Want to get your kids interested in STEM? Take them to see Dream Big: Engineering Our World in IMAX 3D!

Few people know this about me but I was actually an engineering major my freshman year in college. In fact I double majored in aerospace engineering and theater. Seriously. That’s because at 17 years old when I went to college I couldn’t decide between my desire to be an astronaut and my passion for acting. So I chose both. Until reality (aka my grades) set in and I passed all my acting classes but failed my engineering classes. Science is hard ya’ll!

The Longjiang Bridge is the longest and highest suspension bridge in China. Spanning a distance almost equal to the Golden Gate Bridge, the Longjiang towers 900 feet above a river gorge in western Yunnan Province. (Copyright American Society of Civil Engineers.)

An engineer performs a routine inspection of the Golden Gate Bridge in San Francisco, California. The Golden Gate is a suspension bridge designed by a team of engineers in the 1930s. Up until 1964, it was the longest suspension bridge in the world. (Copyright American Society of Civil Engineers.)












That’s why I couldn’t wait to get a sneak peek of Dream Big. A film about how engineers impact our world. We took Chan to see it because as I mentioned, science is very special to our family. From space and bridges to buildings and robotics, engineers touch every aspect of our lives. That road you drive on ever day? A planning engineer helped design it and construct it. Your office building or house? Constructed and designed by engineers. Innovations in technology, big and small are created by engineers.

Engineers work on the final pieces of the Chameau footbridge in Haiti. The Chameau Bridge will provide much-needed access to schools and medical care for isolated, rural families. (Copyright American Society of Civil Engineers.)

Innovative engineers designed the Falkirk Wheel in Scotland, which moves boats between two different levels of canals. It is the only rotating boat lift of its kind in the world. (Copyright American Society of Civil Engineers.)












The heart of this 42 minute documentary-style film narrated beautifully by Jeff Bridges showcases how engineers strive to keep people safe. Safe in travel, and day-to-day life. In the film they visit remote parts of Haiti to watch civil engineers build a bridge that transforms a community.  And in Scotland an engineering feat that’s made water transportation more quick and efficient. Throughout the film we see wonderful examples of engineering at work.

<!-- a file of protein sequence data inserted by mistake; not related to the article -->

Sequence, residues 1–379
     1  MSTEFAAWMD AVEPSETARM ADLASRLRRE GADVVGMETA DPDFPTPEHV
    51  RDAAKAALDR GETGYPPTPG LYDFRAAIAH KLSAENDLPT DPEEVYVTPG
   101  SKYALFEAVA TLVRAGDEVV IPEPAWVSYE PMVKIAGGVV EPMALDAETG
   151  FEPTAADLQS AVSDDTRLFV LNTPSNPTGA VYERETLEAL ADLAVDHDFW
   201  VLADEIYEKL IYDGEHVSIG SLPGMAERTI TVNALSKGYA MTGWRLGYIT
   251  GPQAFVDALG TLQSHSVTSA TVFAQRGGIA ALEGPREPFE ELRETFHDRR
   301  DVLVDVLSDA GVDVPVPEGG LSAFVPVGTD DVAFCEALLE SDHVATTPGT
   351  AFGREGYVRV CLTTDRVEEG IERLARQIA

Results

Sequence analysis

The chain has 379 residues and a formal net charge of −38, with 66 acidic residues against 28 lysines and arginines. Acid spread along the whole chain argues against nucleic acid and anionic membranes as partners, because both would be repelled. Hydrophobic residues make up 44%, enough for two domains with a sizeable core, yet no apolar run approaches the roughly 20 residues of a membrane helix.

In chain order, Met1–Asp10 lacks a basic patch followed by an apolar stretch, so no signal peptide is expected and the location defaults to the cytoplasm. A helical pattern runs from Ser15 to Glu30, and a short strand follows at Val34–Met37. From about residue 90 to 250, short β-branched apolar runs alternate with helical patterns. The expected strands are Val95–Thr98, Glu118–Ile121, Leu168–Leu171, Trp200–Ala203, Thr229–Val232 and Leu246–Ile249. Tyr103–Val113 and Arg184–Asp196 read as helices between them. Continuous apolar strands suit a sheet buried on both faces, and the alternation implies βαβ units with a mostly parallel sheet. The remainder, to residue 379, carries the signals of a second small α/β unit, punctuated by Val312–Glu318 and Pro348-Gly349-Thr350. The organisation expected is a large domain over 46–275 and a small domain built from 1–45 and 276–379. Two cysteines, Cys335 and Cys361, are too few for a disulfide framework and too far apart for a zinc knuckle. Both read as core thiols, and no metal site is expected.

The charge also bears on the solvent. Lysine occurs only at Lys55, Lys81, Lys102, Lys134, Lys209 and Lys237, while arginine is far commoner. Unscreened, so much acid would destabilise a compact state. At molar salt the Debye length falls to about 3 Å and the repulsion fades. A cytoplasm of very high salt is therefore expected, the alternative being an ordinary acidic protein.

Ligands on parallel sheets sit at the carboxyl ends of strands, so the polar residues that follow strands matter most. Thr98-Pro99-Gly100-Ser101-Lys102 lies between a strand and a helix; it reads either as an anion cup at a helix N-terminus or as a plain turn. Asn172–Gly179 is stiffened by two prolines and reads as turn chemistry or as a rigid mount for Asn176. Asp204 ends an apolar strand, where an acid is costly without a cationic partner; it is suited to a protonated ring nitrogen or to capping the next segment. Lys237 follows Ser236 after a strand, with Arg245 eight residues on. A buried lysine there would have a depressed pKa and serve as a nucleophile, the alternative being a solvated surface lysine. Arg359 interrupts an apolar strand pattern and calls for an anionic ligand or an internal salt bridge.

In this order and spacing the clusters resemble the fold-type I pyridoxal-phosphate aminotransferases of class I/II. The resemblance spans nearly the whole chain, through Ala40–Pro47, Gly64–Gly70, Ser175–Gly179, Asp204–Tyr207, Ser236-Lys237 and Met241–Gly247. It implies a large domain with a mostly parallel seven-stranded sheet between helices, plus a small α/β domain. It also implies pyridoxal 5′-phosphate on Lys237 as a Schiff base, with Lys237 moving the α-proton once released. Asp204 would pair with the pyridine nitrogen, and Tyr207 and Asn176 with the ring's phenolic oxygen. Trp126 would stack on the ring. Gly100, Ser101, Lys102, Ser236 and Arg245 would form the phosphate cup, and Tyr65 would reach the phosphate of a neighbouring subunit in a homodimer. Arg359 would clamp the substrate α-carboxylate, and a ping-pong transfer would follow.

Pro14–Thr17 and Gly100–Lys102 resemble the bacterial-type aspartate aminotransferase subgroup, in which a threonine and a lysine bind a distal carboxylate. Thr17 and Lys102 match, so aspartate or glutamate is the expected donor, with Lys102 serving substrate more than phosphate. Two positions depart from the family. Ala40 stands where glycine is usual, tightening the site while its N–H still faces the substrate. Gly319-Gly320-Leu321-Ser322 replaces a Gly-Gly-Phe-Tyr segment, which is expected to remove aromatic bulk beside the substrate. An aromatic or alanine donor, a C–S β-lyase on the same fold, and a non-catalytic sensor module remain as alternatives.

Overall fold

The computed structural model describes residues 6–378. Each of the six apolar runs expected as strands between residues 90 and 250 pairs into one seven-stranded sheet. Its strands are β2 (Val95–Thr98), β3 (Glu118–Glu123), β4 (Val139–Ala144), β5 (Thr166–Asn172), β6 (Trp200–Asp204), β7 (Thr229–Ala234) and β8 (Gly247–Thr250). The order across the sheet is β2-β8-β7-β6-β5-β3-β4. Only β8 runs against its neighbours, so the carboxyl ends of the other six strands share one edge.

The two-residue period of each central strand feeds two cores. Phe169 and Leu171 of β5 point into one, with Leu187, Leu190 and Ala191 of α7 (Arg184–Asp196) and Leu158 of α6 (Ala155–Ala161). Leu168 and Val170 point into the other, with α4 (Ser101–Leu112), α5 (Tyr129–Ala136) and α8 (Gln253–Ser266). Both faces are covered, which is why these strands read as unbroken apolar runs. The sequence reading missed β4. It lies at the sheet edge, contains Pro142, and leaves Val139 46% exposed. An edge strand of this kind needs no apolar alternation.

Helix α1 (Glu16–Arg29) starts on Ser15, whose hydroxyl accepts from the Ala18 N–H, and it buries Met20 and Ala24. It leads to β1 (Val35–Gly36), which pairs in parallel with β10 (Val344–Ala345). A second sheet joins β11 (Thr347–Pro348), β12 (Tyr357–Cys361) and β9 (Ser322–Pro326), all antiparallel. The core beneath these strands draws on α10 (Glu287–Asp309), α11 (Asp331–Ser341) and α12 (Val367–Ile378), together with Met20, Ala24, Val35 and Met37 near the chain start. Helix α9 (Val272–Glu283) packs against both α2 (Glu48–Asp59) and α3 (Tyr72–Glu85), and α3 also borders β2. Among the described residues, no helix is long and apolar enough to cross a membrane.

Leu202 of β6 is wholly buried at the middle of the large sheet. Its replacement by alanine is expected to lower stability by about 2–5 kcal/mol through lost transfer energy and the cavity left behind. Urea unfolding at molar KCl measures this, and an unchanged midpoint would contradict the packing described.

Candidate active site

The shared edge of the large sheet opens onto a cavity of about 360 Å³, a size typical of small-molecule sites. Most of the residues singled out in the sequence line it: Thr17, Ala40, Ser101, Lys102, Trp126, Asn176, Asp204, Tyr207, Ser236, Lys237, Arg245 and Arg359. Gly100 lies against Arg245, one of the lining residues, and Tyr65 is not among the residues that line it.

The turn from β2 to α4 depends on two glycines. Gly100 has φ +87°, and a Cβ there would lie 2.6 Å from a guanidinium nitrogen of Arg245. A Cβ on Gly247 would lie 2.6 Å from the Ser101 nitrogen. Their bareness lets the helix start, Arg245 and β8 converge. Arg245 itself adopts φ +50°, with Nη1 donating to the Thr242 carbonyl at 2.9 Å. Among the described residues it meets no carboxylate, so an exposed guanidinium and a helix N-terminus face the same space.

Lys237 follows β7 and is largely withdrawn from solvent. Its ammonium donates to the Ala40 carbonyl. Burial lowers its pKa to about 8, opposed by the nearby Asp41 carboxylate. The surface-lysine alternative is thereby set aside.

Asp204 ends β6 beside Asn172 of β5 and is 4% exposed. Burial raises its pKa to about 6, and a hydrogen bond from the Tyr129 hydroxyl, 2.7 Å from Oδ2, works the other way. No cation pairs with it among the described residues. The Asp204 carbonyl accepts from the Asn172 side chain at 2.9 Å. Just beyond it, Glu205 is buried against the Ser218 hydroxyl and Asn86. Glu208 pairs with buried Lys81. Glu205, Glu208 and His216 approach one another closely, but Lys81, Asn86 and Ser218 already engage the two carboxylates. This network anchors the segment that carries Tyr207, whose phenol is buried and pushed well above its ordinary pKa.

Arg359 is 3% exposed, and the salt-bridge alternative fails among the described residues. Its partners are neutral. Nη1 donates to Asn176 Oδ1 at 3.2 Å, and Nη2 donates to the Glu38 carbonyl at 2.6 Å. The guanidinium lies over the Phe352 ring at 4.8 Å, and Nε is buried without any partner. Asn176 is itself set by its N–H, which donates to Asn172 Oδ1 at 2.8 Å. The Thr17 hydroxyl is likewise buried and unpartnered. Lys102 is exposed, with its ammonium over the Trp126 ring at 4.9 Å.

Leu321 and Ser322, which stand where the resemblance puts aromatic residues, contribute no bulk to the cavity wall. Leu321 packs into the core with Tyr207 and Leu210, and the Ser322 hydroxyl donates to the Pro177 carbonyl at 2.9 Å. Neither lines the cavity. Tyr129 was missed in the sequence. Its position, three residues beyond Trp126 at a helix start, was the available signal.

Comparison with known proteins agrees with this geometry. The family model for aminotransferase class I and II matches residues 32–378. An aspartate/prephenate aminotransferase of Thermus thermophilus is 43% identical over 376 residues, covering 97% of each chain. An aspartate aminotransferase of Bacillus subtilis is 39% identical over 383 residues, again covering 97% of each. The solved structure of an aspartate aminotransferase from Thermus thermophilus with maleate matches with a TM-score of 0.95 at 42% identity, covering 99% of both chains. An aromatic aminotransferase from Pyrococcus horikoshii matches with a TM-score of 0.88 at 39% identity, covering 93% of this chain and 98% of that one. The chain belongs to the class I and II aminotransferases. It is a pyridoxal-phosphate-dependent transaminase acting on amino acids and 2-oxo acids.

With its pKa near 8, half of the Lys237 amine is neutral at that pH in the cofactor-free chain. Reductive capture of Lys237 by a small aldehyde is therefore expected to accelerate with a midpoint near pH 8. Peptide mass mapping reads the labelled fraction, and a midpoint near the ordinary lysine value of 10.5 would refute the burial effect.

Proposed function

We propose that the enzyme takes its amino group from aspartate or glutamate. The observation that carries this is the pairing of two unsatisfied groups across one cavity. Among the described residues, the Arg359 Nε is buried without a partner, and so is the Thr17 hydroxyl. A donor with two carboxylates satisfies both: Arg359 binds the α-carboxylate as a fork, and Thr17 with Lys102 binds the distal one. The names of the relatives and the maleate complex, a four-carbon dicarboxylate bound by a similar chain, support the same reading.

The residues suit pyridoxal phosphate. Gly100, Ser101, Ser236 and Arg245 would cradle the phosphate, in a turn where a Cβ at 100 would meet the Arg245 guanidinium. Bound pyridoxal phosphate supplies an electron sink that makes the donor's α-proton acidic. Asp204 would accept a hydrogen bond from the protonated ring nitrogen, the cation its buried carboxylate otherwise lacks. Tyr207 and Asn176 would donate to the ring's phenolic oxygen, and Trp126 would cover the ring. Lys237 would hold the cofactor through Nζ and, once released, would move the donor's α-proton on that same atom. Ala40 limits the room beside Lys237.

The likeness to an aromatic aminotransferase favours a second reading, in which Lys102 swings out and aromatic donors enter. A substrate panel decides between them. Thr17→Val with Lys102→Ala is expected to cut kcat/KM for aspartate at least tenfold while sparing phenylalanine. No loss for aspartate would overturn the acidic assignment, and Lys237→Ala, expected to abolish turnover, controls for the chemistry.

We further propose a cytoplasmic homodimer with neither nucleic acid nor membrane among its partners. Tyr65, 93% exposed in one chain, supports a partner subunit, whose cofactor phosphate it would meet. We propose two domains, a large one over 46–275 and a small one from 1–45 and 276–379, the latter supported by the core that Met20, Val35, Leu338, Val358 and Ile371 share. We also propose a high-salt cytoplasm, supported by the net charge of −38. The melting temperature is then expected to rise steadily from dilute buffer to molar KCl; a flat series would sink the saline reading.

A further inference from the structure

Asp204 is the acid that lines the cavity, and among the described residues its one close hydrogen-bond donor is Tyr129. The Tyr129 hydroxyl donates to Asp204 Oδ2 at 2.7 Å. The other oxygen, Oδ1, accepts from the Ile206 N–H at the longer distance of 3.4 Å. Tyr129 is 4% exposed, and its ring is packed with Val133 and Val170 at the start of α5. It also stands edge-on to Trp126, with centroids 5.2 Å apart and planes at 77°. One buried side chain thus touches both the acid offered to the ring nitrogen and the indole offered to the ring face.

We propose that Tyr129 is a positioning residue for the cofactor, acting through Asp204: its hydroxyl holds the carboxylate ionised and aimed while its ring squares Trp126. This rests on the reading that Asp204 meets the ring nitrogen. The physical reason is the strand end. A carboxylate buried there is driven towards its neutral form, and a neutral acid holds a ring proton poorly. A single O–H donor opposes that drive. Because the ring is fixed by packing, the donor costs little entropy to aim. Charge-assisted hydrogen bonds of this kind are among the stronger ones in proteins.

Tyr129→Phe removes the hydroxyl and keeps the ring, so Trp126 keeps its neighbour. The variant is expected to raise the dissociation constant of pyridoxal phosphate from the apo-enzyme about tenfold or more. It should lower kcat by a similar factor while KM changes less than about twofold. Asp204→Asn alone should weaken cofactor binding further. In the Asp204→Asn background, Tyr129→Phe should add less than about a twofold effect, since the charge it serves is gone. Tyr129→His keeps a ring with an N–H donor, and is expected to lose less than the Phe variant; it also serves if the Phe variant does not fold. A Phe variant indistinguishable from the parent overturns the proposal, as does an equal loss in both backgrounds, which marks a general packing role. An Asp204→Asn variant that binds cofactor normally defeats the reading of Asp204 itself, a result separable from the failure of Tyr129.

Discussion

Engineer Avery Bang celebrates with local Haitian families who will benefit from the new Chameau Bridge. Avery is the head of the non-profit group Bridges to Prosperity, which has built more than 200 bridges in impoverished countries. (Copyright American Society of Civil Engineers.)

But my favorite part was seeing the young girls and women who were inspired by engineering. A recent report found that only 14% of engineers in the US are women. That’s a disappointing number given how innovative and smart women are. The report from the Congressional Joint Economic Committee says it’s because “women are less likely to pursue degrees in STEM (Science Technology Engineering and Mathematics).














I think this movie could help change that. Dream Big: Engineering Our World features women in several areas of engineering who are making a difference. My own daughter was on her feet during the film and trying to reach out and touch the cool bridges and buildings (It was in 3D!) Filmmaker Shaun MacGillivray told the audience inspiring young girls is just one of the film’s goals.

The Shanghai skyline includes the Shanghai Tower, where 16,000 people live, work and play. The skyscraper is the world’s second tallest building, and its innovative design is featured in Dream Big. (Copyright American Society of Civil Engineers.)

“The film reveals that engineering has at its core far more than math and science; it is just as much about getting creative, about helping people and even carving out our human destiny.”

Dream Big also highlights teachers and educators we so desperately need to inspire our kids to have a life long love of science. And in addition to being visually stunning, the music is fun and makes you want to dance with an engineer. Maybe that wasn’t their main goal but it’s a cool side effect!

Fredi Lajvardi, head of the Robotics Team at Carl Hayden High School in Phoenix, Arizona, with Angelica Hernandez, whose robotics team unexpectedly beat MIT during an underwater robot competition. (Copyright American Society of Civil Engineers.)

Dream Big: Engineering Our World opens in select theaters across the US on Feb. 17th. You can see where it’s playing near you here.

And if you’re in the Los Angeles area and want to win a 4 pack of tickets to the IMAX showing of this film at the California Science Center just answer my trivia question in the comments below or on Facebook. I’ll pick one of the correct answers at random by Feb. 17th and you’ll get a 4 pack of tickets and a swag bag with Dream Big promotional items from MacGillivray Freeman, The American Society of Engineers and Bechtel.

Trivia Question for a 4 pack of tickets to see Dream Big:

Who was NASA’S first African-American female engineer?

(good luck!)